Bristol’s volcanoes and a Local Hero
Press release issued: 7 March 2008
The Earth Sciences Department at the University of Bristol is putting on many volcano-related events during ‘Science Week’ (10-16 March).
Professor Sparks, from the University of Bristol, is one of the world’s foremost experts on volcanoes and is often seen on TV, most notably in the BBC programme ‘Supervolcano’.
In addition to the field trip, the Earth Sciences Department at the University of Bristol is putting on many other volcano-related events during ‘Science Week’ (10-16 March).
These include a free exhibition dedicated to volcanoes at Bristol's City Museum & Art Gallery, Queen’s Road. This will be on display on Saturday 15th and Sunday 16th March 2008. The exhibition will feature:
- hands-on activities and experiments for kids
- erupting volcano model
- educational displays
- volcanic rocks and minerals
- equipment used to monitor volcanoes
Each evening through the week (10-14 March) a public lecture on volcanoes will be given at 7.30 pm in the Department of Earth Sciences, University of Bristol, Wills Memorial Building, Queen’s Road. Room G25.
These events celebrate the life of ‘Local Hero’ George Walker. Walker was an internationally renowned geologist whose discoveries underpin much of modern thinking about the function and structure of volcanoes. Walker was an Emeritus Professor at the University of Bristol and retired to Gloucester where he lived until his death in 2005.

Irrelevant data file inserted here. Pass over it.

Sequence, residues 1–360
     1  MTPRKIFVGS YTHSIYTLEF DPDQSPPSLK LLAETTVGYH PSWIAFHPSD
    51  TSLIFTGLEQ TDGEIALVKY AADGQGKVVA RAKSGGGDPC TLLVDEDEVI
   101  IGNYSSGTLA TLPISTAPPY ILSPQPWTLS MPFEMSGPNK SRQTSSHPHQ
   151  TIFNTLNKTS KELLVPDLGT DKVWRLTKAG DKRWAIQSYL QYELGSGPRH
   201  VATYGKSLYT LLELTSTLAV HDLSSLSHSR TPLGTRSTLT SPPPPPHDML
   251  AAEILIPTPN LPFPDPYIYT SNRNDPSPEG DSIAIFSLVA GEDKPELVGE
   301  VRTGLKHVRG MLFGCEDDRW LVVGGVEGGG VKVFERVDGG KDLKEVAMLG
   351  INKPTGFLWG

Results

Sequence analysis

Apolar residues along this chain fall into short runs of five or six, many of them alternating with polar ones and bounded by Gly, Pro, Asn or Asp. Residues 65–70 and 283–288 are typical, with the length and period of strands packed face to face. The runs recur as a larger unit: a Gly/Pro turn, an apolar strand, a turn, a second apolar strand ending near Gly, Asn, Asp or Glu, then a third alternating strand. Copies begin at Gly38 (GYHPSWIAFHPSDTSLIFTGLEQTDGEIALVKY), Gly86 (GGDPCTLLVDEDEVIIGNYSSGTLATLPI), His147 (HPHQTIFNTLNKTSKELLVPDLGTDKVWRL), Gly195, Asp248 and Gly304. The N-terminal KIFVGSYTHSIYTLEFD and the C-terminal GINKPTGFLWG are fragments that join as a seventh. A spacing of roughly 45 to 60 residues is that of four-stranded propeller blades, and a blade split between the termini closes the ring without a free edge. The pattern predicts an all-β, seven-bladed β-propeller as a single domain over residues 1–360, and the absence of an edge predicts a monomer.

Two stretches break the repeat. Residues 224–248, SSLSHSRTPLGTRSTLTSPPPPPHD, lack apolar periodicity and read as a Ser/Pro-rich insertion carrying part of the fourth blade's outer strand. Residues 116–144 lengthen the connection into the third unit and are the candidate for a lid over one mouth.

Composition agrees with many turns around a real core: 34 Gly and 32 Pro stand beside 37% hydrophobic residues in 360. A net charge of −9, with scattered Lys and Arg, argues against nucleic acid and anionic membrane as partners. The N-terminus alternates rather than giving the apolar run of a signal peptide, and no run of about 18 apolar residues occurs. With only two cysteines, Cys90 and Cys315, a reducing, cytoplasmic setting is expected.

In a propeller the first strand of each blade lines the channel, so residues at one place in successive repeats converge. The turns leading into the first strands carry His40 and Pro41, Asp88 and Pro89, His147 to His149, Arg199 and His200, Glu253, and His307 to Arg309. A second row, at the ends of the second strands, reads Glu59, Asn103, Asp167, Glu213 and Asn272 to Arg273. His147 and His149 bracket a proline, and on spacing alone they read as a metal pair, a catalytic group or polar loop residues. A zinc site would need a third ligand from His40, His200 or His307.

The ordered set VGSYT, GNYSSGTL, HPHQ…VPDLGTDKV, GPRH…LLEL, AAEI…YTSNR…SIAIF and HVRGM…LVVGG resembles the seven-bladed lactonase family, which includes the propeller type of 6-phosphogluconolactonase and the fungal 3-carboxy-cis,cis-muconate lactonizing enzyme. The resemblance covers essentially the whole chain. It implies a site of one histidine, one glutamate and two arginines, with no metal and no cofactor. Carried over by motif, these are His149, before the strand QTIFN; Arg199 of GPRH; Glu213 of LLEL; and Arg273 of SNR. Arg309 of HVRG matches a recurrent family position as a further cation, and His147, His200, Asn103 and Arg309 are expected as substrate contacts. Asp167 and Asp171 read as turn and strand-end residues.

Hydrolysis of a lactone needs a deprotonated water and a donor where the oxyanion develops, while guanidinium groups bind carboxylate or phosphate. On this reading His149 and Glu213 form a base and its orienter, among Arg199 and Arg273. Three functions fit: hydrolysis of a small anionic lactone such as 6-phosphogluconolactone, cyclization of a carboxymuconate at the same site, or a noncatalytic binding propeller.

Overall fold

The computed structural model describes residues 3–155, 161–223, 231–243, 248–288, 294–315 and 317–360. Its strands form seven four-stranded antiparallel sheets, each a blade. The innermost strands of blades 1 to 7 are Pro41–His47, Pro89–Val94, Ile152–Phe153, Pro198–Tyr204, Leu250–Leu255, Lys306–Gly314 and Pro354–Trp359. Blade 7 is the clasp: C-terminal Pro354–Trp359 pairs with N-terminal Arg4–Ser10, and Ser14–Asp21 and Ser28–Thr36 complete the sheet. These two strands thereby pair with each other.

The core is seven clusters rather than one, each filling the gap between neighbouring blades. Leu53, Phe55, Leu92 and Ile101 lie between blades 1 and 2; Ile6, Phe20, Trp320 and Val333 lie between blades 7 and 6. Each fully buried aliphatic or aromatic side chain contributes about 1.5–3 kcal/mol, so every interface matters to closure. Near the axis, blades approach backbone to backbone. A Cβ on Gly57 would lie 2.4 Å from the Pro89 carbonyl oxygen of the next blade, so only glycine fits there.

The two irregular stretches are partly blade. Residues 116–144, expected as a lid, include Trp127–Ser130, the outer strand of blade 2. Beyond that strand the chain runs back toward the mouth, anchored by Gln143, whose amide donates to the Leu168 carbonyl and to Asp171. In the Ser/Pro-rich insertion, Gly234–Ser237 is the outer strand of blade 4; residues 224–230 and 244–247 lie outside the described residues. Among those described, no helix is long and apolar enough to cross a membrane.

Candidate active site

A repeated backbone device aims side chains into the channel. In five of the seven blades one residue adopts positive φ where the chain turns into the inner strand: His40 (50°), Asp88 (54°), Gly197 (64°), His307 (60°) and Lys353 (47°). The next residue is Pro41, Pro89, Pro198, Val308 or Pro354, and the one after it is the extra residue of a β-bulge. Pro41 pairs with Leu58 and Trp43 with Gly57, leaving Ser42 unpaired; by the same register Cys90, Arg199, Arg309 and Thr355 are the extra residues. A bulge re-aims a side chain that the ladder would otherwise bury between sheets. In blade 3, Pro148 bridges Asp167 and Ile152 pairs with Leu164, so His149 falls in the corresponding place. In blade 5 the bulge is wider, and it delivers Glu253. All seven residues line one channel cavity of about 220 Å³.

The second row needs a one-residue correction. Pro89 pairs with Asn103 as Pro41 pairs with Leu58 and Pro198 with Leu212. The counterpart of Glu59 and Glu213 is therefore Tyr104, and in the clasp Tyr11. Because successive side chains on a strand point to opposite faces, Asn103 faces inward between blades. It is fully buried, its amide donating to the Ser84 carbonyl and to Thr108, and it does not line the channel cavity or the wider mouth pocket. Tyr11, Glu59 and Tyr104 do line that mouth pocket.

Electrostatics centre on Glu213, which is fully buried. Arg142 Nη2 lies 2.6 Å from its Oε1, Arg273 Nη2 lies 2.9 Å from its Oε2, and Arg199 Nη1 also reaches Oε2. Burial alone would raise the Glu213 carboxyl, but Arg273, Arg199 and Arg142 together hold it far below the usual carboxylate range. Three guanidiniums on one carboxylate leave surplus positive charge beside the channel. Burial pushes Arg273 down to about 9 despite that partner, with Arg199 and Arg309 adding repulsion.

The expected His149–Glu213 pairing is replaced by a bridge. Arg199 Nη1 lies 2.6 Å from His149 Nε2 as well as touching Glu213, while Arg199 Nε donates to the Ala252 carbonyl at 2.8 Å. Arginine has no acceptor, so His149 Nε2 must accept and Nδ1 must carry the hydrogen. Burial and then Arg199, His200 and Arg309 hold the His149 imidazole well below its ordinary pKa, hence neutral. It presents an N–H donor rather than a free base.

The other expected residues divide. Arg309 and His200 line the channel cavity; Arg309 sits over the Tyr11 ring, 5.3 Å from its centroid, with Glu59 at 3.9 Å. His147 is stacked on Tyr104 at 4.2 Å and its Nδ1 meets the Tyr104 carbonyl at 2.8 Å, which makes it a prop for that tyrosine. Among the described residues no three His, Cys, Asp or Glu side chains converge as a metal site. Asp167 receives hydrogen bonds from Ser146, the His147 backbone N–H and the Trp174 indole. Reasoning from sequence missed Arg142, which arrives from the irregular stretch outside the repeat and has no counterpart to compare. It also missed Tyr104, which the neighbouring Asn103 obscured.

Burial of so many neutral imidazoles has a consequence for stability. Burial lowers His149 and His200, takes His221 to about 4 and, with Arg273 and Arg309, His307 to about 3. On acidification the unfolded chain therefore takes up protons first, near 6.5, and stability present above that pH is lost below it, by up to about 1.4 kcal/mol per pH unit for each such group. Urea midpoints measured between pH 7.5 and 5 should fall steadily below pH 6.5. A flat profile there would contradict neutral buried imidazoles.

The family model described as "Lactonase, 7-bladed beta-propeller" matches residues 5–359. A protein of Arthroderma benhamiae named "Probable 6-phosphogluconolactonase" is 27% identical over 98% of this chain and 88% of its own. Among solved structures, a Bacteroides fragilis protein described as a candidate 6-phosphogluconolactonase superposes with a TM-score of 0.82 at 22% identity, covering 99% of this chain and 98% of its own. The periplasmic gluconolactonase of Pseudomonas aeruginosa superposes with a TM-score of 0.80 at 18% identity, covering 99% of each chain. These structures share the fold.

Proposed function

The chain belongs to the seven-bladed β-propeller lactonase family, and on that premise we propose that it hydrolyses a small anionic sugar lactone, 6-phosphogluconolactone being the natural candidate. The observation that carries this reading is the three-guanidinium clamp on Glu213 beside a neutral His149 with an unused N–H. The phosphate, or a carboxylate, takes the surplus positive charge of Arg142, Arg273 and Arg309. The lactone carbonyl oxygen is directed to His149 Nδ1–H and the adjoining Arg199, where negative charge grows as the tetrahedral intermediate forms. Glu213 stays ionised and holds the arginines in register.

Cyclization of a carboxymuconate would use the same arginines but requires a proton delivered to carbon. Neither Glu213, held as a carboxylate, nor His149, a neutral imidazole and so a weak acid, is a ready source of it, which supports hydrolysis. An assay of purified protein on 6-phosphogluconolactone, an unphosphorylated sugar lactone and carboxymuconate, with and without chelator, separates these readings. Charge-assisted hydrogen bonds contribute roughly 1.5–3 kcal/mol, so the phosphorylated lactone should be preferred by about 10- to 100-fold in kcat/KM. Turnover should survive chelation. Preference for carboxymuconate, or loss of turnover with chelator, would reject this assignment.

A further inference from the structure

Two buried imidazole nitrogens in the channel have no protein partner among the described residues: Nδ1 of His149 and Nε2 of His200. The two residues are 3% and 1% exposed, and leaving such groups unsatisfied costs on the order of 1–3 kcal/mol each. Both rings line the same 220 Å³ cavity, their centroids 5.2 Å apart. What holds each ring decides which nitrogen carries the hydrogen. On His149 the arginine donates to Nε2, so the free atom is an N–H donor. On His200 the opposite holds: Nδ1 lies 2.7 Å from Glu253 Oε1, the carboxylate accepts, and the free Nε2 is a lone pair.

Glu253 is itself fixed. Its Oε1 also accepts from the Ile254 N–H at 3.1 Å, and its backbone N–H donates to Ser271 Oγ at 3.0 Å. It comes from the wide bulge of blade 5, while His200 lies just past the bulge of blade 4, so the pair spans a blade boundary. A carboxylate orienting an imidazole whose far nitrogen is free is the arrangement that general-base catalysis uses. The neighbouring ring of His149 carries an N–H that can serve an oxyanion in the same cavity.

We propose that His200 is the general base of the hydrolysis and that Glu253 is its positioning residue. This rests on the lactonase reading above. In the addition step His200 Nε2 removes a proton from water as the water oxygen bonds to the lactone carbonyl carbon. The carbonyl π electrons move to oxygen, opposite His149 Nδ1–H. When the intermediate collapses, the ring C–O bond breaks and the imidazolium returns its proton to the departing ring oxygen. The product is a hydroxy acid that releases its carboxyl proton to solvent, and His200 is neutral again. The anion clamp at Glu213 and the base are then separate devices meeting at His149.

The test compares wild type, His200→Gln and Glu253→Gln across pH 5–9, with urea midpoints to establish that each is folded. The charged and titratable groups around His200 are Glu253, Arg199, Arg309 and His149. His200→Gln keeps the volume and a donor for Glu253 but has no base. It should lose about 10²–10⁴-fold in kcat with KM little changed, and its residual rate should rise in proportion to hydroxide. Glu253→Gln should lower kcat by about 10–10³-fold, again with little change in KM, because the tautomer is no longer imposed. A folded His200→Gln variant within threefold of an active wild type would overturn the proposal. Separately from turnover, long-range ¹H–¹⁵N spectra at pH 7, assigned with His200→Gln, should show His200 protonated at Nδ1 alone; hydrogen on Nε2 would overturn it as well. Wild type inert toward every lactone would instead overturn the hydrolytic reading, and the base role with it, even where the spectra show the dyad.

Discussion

Walker was a brilliant teacher and devoted much time to nurturing young scientists. His first love was for field geology, and he liked nothing better than to show students how to read the rocks on field classes. He trained many distinguished volcanologists and encouraged many scientists from the developing world, where most active volcanoes are located. He was supremely fit, and carried on fieldwork into his seventies.
The ‘Local Heroes’ series of events is taking place around the country to celebrate the bicentenary of the Geological Society of London, the world’s oldest geological society.
It was founded on 13 November 1807 at a dinner at the Freemasons’ Tavern, Great Queen Street, Covent Garden. Founder members included James Parkinson who first identified Parkinson’s disease, and the famous chemist, Humphry Davy.
Click here for full details of all Bristol University’s volcano-related events.